Understanding iambic pentameter is not just a cool word to be able to say at parties, it is an essential part of making sure the famous lines from Shakespeare's plays hit their mark, and carry the significance they need through their sound when spoken, in order to advance the plot of the rest of the production.
One of the most famous examples of iambic pentameter from Shakespeare's plays include the lines from Hamlet's soliloquy where he says :
To be, or not to be- that is the question:
Whether 'tis nobler in the mind to suffer
The slings and arrows of outrageous fortune
Or to take arms against a sea of troubles,
And by opposing end them.
The significance of learning about iambic pentameter and the correct way to pronounce the lines, as well as the difference change ups can cause for how you as an audience receive the words themselves from the stage is very humorously demonstrated by this video from the Royal Shakespeare Company in London. Source
Geoffrey Chaucer is believed to be one of the first writers to use iambic pentameter in English poetry. Shakespeare is considered a great fan of Chaucer, and would have studied his works in school, so it makes sense Shakespeare would nod to the format of Chaucer. However, more than just a personal appreciation for the work of an artist he admired, Shakespeare likely used iambic pentameter because it was culturally significant to the time. Iambic pentameter was thought to be the format for true artists, and as advancing his station and reputation was at the forefront of Shakespeare's mind and work, he likely turned to iambic pentameter more as the industry standard he needed to follow in order to make his mark professionally as a playwright, more so than other reasons.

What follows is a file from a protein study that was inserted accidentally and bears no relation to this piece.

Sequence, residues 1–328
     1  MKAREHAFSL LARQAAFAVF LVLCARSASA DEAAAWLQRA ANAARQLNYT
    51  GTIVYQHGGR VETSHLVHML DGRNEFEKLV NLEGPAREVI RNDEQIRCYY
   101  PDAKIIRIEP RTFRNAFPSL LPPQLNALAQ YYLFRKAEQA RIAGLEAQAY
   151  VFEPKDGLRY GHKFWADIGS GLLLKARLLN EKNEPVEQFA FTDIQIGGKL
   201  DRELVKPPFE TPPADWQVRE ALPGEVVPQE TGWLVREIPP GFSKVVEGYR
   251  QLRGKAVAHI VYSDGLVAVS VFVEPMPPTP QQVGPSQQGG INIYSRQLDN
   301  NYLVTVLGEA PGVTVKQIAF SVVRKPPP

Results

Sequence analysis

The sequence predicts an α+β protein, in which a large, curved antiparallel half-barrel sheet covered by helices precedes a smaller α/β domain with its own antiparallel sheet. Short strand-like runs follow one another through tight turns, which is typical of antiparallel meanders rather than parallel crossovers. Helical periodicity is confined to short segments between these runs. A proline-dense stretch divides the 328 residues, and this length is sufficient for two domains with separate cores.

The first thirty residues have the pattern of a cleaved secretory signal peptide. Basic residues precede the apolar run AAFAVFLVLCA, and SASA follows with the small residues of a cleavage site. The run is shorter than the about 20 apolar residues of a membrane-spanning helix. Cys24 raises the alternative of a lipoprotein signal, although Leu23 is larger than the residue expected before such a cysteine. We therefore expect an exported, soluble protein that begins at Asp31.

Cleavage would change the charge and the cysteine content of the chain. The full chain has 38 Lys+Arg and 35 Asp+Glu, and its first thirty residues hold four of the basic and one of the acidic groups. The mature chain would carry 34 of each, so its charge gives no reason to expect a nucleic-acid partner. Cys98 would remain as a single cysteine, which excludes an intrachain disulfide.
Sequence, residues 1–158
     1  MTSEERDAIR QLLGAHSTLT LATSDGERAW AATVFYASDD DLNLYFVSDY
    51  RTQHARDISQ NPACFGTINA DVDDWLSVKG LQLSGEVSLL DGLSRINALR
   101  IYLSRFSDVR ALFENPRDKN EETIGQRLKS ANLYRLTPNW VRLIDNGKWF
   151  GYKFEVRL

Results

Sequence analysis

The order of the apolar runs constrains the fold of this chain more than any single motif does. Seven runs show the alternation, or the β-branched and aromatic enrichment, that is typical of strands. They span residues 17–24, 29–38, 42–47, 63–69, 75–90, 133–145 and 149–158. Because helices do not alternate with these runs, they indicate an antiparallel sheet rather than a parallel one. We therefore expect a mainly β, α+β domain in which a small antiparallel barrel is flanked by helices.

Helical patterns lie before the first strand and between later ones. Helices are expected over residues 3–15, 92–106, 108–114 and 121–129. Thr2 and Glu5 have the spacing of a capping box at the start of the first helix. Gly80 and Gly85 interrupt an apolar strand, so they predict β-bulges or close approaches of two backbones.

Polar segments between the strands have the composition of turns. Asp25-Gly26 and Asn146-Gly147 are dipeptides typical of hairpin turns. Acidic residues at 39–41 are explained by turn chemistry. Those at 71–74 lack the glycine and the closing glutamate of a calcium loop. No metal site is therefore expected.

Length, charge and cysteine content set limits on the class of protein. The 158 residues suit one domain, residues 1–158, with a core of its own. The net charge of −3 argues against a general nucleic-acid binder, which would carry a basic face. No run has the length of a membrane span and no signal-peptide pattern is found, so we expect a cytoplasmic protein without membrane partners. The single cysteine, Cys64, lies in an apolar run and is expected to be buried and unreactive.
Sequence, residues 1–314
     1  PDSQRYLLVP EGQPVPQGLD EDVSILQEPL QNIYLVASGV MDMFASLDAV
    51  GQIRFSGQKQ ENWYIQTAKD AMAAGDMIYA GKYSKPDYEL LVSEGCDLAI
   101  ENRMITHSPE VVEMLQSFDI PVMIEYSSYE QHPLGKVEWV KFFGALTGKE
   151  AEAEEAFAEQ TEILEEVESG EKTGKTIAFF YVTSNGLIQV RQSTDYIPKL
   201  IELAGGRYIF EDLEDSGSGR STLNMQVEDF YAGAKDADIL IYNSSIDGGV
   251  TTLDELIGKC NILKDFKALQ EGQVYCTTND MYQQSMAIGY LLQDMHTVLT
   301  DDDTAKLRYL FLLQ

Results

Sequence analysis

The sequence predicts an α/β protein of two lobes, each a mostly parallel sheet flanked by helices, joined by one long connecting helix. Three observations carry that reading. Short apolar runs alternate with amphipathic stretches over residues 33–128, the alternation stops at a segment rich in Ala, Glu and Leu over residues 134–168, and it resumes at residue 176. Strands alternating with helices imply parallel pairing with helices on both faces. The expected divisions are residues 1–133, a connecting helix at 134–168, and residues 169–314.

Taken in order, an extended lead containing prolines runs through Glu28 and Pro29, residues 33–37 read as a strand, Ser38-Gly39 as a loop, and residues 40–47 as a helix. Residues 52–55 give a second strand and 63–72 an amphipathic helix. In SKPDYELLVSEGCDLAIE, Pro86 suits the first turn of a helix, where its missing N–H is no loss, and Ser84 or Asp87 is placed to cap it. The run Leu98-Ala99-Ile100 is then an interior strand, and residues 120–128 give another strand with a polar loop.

Chaucer's meter depended on the pronunciation of final e's that by his time he was writing, people no longer pronounced in spoken word. Later students of Chaucer would forget that the e's needed to be pronounced (since modern language no longer used them). As a result, there were many who studied his work and found it hard to read or like it did not make sense because the language was too foreign to the way they spoke in modernity (Sound like any particular bard you know?) Well, it turns out that Scotland has a pretty rough version of English themselves, so in the 16th century, Scottish fans of Chaucer like King James I, understood the language and one Scottish poet, William Dunbar adopted the iambic pentameter for his poetry as a result.
Dance the Iambic Pentameter
There's some debate over this fact, but a few historians believe that one reason Shakespeare's plays seem to lack any abundance of stage directions is that the language, and how the words are pronounced in particular, directs the action of the play. Whether or not that's ultimately accurate, we can say pretty definitively that the way words are pronounced does influence the action. There's not a much better demonstration of how that works, or what it looks like to use it on stage, than in this iambic pentameter tap dance from Kenneth Branagh. Some professors even use this clip to teach iambic pentameter.
Get out your dancing shoes, lads, and tap your way to understanding Shakespeare history!